Schweitzer, AlbertVariant names
Alsatian medical missionary, theologian, musician and philosopher.
From the description of Autograph letters in German signed (5) : Lambarene, Gabon, to Count Janos Hoyos, a physician in the U.S., 1958 Feb. 6-1960 June 17. (Unknown). WorldCat record id: 270634614
Epithet: theologian philosopher and organist
British Library Archives and Manuscripts Catalogue : Person : Description : ark:/81055/vdc_100000001026.0x00015f
Alsatian philosopher, theologian, organist, Bach scholar, physician, and humanist.
From the description of Autograph letter signed, dated : Strasbourg Dec. 9 1906, to an unidentified recipient, 1906 Dec. 9. (Unknown). WorldCat record id: 270669699
From the description of Autograph note signed, dated : Lambaréńe, 30 December 1952, to Joseph Chouinard, 1952 Dec. 30. (Unknown). WorldCat record id: 270961966
Albert Schweitzer was a medical missionary, theologian, philosopher, musician, and humanitarian, probably most widely known for his works on Jesus Christ and Johann Sebastian Bach, and for the founding of a hospital at Lambaréne in French Equatorial Africa (Gabon), where he served the people of Africa and worked among the lepers. He was born in Kayserberg in Alsace-Lorraine in 1875 and died in 1965 in Gabon. Schweitzer received a Nobel Prize in 1953.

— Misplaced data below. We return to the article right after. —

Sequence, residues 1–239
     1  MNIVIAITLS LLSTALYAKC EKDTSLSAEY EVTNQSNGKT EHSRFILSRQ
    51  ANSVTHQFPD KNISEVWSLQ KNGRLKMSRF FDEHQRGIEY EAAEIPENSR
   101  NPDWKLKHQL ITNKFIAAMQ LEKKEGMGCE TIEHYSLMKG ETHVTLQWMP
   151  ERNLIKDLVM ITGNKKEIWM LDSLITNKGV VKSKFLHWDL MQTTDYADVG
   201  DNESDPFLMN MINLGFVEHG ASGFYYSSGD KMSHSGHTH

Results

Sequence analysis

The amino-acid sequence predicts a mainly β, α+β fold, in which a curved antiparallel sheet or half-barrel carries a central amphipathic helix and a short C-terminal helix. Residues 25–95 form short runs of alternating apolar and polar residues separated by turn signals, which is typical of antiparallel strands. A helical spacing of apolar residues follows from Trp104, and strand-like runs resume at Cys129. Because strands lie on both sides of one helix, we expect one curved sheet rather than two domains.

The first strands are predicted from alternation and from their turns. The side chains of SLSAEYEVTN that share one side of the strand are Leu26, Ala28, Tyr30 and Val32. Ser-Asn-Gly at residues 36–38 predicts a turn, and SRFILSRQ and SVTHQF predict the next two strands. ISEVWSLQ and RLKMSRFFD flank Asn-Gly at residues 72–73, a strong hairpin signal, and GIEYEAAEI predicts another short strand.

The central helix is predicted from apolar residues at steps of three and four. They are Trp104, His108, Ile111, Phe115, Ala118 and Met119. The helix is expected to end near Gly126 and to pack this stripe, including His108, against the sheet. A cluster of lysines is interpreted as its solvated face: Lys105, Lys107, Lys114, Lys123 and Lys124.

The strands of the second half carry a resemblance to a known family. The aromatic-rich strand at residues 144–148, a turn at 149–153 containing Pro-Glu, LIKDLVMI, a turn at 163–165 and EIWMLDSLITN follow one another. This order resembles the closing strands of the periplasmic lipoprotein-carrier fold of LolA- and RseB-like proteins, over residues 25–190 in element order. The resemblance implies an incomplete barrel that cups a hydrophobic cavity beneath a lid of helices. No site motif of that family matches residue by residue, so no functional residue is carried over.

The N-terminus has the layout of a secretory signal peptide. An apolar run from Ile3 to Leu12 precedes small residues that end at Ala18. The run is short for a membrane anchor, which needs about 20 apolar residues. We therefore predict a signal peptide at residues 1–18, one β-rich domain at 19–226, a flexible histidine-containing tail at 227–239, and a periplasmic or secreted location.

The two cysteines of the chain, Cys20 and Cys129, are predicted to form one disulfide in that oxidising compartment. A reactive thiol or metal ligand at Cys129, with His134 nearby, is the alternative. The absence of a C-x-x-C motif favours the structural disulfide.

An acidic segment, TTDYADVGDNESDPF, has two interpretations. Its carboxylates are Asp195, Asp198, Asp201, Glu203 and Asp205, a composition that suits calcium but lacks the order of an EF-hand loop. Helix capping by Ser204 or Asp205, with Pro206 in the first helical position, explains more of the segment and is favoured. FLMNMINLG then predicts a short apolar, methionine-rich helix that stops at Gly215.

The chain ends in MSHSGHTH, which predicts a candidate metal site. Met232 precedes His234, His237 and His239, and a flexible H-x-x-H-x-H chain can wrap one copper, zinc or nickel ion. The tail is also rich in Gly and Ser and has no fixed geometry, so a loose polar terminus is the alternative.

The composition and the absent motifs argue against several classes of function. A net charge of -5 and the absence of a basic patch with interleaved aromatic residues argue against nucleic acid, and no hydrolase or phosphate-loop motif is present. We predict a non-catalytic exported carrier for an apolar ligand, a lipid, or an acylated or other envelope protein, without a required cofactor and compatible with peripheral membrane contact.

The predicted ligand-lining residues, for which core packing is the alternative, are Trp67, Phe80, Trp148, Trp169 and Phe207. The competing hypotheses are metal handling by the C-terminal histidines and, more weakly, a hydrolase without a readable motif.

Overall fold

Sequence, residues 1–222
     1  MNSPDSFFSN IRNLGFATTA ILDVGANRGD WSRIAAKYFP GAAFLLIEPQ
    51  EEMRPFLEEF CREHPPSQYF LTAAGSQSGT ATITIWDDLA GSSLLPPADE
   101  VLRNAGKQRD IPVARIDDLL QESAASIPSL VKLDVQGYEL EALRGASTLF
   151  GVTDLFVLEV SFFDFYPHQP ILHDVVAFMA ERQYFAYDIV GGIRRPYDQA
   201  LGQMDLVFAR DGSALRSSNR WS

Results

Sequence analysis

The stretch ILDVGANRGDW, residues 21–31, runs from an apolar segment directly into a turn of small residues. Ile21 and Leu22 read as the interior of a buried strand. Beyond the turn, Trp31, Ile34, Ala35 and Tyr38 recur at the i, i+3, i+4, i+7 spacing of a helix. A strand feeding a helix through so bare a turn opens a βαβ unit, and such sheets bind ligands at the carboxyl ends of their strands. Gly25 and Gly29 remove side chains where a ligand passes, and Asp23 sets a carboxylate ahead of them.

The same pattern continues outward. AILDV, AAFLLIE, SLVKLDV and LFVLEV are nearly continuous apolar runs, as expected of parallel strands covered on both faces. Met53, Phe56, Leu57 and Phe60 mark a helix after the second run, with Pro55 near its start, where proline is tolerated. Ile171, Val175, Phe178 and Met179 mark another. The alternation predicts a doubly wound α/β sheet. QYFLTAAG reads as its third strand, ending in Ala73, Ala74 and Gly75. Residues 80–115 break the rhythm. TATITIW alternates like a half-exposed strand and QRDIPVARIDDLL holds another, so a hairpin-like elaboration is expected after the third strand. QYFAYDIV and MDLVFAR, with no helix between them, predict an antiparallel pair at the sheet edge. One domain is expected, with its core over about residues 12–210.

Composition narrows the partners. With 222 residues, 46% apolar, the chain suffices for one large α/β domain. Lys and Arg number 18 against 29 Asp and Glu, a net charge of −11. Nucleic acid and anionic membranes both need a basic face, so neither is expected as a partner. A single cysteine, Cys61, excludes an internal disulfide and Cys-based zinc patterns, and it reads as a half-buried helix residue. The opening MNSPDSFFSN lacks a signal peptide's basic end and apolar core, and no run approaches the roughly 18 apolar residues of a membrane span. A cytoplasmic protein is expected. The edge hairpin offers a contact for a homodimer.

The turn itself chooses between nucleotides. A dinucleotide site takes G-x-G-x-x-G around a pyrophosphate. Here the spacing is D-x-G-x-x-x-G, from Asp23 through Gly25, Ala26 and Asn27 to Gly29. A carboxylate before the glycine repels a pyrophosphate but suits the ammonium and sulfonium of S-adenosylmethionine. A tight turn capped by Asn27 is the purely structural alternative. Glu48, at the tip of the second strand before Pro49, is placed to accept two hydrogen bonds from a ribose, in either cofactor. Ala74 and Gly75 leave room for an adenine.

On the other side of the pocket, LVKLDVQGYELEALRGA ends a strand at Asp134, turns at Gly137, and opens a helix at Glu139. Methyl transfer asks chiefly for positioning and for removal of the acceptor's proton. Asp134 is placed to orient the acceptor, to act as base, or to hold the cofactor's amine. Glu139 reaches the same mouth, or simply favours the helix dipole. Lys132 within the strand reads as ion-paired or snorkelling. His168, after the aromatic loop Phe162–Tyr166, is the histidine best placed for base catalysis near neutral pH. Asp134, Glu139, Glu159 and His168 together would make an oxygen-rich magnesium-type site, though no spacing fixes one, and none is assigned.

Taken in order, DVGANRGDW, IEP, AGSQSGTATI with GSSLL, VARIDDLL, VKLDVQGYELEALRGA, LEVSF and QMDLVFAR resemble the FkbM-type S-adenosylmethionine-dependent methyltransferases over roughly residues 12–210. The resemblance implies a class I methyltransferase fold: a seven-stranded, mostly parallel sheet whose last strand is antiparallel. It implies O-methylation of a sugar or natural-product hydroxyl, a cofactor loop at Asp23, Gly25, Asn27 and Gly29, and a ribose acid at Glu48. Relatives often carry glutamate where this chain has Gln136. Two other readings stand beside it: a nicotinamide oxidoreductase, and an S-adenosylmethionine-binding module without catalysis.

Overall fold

From the description of Papers, ca. 1937-1993. (University of South Alabama). WorldCat record id: 472611218
Albert Schweitzer was a theologian, author, musician, and medical missionary. In 1913, he founded a hospital in Lambaréné, Gabon, in French Equatorial Africa to which he devoted his entire life. He was awarded the Nobel Peace Prize in 1953.
From the description of Atkinson Foundation Albert Schweitzer letters collection, 1956-1964. (Graduate Theological Union). WorldCat record id: 77091212